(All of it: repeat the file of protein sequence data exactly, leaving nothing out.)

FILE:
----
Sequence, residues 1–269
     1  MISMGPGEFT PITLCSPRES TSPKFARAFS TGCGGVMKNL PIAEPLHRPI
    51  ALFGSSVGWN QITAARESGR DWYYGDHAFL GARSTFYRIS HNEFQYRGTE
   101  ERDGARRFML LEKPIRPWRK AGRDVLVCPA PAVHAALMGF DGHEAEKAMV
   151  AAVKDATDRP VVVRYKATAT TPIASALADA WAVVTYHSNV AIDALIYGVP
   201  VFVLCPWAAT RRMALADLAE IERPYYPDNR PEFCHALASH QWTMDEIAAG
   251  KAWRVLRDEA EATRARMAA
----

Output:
Sequence, residues 1–269
     1  MISMGPGEFT PITLCSPRES TSPKFARAFS TGCGGVMKNL PIAEPLHRPI
    51  ALFGSSVGWN QITAARESGR DWYYGDHAFL GARSTFYRIS HNEFQYRGTE
   101  ERDGARRFML LEKPIRPWRK AGRDVLVCPA PAVHAALMGF DGHEAEKAMV
   151  AAVKDATDRP VVVRYKATAT TPIASALADA WAVVTYHSNV AIDALIYGVP
   201  VFVLCPWAAT RRMALADLAE IERPYYPDNR PEFCHALASH QWTMDEIAAG
   251  KAWRVLRDEA EATRARMAA